should all be working hard to make sure it doesn't happen. i'm quite concerned about it. it just doesn't take place in december. there are meetings throughout the globe between now and december where positions across the globe will start to harden. i do want to thank the chairman for also voicing his concern over this. >> mr. chairman, i'll give you a second to comment. >> preserving internet freedom globally is of vital importance. it's important to the american economy. it's important to the global economy. it's important to the economy of developing countries. it's important to freedom everywhere. and it is important that we work together on countering proposals that some countries have made that would not be consistent with internet freedom and that would have the opposite effect of that claim. so it's very important topic and it's important that we all work together to preserve free flow of data and internet freedom globally.
>> i want to thank both of you gentlemenly personally for your service to our country and being at this hearing answering these questions. i yield back. >> thank you. i think we all want to thank you both for your service. let me very briefly go back to what mr. womack to just follow up on what he said about the salaries. you're absolutely right there may be a very good explanation for it if there's a whole category of individuals that went up. however when you look at the change between 2009 and 2010 and 2010 and 2011 there's a rather large increase again. i'm sure there was an explanation, what give mess a little bit of reason to pause is the fact that -- by the way, i for one have no problem with if you need qualified people and you have to pay them well, if that's the policy, i don't have a problem with that. if that is a case. if that isn't is the policy, again, why are these numbers taking place. i think that obviously has to be
answered and i know you will. but in kind of an almost technical question. in several places in your budget request you indicate that you expect to keep 1917 employees. again, that's keeping it flat. and then i believe the request was 245.9 million dollars to fund that staffing level. in other places there seems to be an indication that fcc expects to maintain only 1776 employees. what is the actual number? >> the number is the lower number. the flexibilitity is requested so that we can continue to look at more efficiency in the overall budget by for example moving from contractors to ftes. we don't have any specific plans on the table. but if it would save the government money by doing something in house instead of
contracting it out, we should look at that as part of it. but the number in our planning is the lower number which -- >> 1700. >> what would the actual amount be -- if you're requesting the funding for 1776 versus 1917, what do we talk about money wise? i know that's not the case. some skeptics might say that sounds like a slush fund. the fact that you're going to have 1776 employees but you're asking for funding for 1917 employees. what's the difference in the money? >> if i may, it's the opposite. we're asking fundsing for the 1776. if within that funding -- >> you want flexibility of being able to get to 1900 within the funding of 1700? >> yes. exactly right. >> okay. could you give me the number the difference if it was 1900 and what, you're saying you might be able to save money. >> in the past we've reduced the number of contractors at the fcc fairly significantly over the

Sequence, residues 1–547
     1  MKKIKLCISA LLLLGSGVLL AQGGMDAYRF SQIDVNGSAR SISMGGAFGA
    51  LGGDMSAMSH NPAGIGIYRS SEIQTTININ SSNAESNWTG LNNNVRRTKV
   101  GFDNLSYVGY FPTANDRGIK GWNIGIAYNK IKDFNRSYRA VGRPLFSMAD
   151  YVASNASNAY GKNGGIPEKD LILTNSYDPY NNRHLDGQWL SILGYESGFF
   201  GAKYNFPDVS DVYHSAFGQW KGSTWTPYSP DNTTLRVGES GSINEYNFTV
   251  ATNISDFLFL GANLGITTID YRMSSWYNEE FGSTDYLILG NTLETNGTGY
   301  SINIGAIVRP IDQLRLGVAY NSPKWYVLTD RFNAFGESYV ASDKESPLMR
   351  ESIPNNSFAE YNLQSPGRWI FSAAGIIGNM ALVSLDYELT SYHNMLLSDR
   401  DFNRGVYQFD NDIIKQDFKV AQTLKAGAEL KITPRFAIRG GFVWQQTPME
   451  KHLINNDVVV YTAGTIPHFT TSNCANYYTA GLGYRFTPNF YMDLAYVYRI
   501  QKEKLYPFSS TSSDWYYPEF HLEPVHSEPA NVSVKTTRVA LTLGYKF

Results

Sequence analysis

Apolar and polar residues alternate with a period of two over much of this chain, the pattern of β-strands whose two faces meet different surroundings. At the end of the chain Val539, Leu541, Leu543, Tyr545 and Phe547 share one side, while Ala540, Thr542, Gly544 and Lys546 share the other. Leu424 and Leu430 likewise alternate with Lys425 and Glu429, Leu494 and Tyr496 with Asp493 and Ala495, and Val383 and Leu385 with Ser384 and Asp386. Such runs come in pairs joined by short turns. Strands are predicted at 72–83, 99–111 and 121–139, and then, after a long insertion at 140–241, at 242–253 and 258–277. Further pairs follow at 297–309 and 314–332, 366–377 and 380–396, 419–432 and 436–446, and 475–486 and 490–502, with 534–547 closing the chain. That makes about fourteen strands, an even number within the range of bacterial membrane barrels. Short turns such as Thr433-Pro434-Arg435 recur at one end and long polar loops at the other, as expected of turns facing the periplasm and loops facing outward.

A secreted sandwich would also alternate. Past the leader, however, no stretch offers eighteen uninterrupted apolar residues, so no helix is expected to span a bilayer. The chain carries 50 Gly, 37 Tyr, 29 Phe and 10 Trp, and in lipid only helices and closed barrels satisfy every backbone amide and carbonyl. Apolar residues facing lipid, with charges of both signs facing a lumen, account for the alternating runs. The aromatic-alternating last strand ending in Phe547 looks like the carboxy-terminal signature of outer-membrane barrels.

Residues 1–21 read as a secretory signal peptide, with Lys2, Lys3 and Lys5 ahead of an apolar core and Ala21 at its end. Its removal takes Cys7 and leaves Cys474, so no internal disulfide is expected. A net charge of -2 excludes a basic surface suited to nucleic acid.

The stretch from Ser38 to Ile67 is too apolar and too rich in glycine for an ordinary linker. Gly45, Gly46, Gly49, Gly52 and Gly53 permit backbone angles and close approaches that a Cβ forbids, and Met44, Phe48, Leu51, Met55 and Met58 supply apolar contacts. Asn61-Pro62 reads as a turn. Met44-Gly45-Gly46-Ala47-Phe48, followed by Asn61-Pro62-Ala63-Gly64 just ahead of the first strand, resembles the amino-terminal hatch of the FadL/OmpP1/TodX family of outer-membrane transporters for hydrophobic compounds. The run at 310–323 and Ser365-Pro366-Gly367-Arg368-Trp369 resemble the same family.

years i think in general it's a better model either you need someone or you don't. there are some circumstances and the auctions may be an example where for a limited period of time contracting with an expert makes sense. for test tasks that are basic reoccurring tasks as a general rule it's more efficient to do it in house. >> great. thank you. >> i just have one more question and then i'll submit a couple for the record. okay? >> yes, please. without objection. >> mr. chairman, wrun of the fcc's ongoing goals is increase broad band oadoption. since this is a long-term goal and applications on the internet seem to be consuming more and more bond width and people move from check their email and checking news to reading games and doing more things online, how do you define broad band and
does your definition change as people need faster speeds to fully use the internet? >> so over time i expect that our basic definition of broad i would note without being too theoretical, the challenge of universal broadband is different and harder than the challenges of universal telephone or universal electricity. telephone and electricity were binary. you had a dial tone or didn't. either you had electricity or you didn't. broadband is different. as you point out, you can have different speeds. so in some ways it's the first time the country is wrestling with these issues of how to promote broadband as a universal service everywhere in the country to all people when it can mean different things over time. what we've done at the fcc is two different things. we set goals for where the country should try to strive to on broadband. for example, we set a goal of
100 megabits to 100 million people by 2020. one gigabit access in every community in the country. at the same time for universal service fund we have to decide what are we going to actually pay for, it doesn't make sense to say we're going to pay for 100 megabits for everyone in the country based on current uses. we defined that level as four megabits with an ongoing obligation at the fcc to look at the uses that were essential for participation in our economy, for small businesses, for looking for a job, for education and making adjustments to that over time as is appropriate. >> you know, let me close by saying that something that you both know already, but i think it merits repeating in public. you have one of the most important responsibilities in our society in our government. i mean that. because a lot of people who work